Bananas such as these may be nearly ready for harvest.
image by Rene Ehrhardt: Flickr.com; dvanhorn: Flickr.com
Bananas are a tropical fruit that are a good source of potassium, magnesium and Vitamin C. The benefits of the fruit are numerous. Bananas are relatively easy to grow, as long as you live in the right climate. The plants are virtually maintenance free and more plants will automatically spring up when their predecessors die. However, many people who grow bananas do not know how and when to harvest the fruit.
Check the calendar. While bananas are capable of producing and ripening year round, they will go dormant in more temperate climates during the winter. This is true in the southern latitudes of the United States, for example. The harvest in such locations is likely to be at the very end of summer or the beginning of the fall.
Watch the bloom. At the end of each banana stalk is a rather large bloom that's leathery in appearance. The bloom is often vibrant in color, most commonly in purple or reddish pink. As the bananas ripen, the bloom begins to fade.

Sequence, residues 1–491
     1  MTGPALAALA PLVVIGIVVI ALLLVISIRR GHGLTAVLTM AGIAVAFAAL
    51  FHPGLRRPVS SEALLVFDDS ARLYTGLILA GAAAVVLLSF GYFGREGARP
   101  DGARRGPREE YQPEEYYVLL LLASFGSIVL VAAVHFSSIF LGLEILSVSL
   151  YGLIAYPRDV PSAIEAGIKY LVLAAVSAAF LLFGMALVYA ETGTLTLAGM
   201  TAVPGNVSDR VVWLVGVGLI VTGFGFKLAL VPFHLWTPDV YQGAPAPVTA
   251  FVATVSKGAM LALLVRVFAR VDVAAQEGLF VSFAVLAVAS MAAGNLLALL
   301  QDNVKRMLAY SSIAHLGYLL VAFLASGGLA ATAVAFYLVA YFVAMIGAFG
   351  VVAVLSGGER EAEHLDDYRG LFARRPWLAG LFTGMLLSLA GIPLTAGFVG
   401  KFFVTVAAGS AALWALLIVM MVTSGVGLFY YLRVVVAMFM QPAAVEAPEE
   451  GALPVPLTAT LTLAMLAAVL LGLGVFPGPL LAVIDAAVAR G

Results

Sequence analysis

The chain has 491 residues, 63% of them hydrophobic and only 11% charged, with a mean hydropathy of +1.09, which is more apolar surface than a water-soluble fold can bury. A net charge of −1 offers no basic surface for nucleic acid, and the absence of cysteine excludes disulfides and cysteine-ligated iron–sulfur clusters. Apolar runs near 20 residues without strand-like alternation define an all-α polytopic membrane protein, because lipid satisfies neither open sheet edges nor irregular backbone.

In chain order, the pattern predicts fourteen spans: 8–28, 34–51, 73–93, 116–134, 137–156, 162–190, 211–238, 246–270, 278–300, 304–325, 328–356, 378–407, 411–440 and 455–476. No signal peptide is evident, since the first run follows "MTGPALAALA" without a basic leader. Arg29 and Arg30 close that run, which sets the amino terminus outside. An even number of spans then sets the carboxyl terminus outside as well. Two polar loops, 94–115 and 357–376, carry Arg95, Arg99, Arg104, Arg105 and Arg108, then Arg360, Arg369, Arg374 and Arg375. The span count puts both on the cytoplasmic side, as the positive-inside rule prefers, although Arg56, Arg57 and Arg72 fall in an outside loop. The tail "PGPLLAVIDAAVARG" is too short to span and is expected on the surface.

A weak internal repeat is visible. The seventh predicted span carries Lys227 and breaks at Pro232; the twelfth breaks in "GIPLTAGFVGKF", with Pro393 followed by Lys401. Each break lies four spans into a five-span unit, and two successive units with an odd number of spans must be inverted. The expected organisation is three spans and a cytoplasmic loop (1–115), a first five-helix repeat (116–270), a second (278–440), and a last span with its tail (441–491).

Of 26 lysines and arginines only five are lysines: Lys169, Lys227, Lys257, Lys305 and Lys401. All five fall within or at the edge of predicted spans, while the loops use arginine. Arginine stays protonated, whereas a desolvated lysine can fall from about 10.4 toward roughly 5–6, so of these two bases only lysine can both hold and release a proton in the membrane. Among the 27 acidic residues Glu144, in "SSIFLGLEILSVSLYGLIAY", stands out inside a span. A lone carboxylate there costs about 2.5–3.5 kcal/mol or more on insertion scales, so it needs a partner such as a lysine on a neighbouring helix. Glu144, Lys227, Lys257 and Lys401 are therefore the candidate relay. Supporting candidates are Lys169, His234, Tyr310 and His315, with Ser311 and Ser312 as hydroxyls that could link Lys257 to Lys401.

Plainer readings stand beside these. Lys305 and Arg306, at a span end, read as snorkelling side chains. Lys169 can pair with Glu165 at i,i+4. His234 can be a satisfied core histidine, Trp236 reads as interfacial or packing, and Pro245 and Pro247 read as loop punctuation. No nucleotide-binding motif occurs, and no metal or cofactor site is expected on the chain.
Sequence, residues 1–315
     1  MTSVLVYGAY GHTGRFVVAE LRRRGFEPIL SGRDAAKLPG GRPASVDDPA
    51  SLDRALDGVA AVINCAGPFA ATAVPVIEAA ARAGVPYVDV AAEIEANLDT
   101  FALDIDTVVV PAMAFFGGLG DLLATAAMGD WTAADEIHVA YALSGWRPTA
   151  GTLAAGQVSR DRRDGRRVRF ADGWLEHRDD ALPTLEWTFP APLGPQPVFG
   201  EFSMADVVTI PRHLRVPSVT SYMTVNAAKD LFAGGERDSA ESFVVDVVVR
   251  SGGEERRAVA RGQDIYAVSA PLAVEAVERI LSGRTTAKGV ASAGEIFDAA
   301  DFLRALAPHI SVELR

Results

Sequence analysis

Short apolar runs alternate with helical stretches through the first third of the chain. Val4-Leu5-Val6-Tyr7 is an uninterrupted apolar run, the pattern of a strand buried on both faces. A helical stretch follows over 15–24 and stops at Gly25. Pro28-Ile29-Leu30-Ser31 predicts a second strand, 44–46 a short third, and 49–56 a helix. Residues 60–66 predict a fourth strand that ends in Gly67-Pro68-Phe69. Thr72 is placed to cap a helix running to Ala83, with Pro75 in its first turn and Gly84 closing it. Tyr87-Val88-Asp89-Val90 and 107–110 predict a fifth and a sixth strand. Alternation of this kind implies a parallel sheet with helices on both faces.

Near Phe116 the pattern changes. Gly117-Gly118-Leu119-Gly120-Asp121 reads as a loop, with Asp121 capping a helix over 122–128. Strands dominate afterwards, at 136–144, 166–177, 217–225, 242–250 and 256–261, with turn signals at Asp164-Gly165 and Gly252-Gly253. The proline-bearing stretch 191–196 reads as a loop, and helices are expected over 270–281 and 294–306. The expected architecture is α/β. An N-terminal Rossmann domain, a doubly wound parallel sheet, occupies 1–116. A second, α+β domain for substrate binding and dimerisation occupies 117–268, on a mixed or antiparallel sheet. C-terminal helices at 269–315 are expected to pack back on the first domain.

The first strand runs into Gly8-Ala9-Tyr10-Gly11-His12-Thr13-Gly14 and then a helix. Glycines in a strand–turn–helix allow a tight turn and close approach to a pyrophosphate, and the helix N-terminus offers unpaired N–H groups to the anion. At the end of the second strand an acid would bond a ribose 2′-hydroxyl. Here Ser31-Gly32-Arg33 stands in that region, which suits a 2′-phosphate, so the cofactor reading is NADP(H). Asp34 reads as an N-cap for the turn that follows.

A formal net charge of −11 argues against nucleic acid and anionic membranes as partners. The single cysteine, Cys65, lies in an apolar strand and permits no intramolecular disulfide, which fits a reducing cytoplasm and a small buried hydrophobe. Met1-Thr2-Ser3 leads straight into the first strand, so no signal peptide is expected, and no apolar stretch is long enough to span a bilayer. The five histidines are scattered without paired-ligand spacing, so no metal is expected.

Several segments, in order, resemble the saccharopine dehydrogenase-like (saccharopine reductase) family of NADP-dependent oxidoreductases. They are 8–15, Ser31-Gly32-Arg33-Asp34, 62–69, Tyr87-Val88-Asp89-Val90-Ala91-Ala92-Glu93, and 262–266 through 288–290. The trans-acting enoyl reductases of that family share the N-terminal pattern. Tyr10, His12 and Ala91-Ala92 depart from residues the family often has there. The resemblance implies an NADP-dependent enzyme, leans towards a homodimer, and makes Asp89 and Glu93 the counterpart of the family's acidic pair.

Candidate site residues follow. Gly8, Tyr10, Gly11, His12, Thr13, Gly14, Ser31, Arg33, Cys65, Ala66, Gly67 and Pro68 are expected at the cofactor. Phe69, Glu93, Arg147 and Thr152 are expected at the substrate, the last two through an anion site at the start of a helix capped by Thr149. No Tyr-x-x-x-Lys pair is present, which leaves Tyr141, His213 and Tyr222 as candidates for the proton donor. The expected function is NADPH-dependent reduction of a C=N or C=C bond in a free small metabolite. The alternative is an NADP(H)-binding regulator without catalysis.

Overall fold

Wait until the first bananas begin to turn yellow. All the bananas on the stalk will not ripen at the same time. The lower ones will start turning yellow first; when they do, it's time to harvest the entire stalk.
Check the shape of the bananas for sharp edges, especially near the ends. These edges are more pronounced in young fruit. When the centers begin to plump out, the fruit is ripening.
Be patient. While bananas in tropical areas can ripen within a couple of months, those in more temperate climates may take as long as six months after the stalk appears before the bananas are ready to eat.
Harvest the crop by cutting off the entire stalk at once. As the hands on the stalk (groups of bananas) can be quite heavy, make this a two-person job. Holding the stalk as you try to cut it off by yourself can be very difficult. Use a knife or hedge clippers to cut the stalk.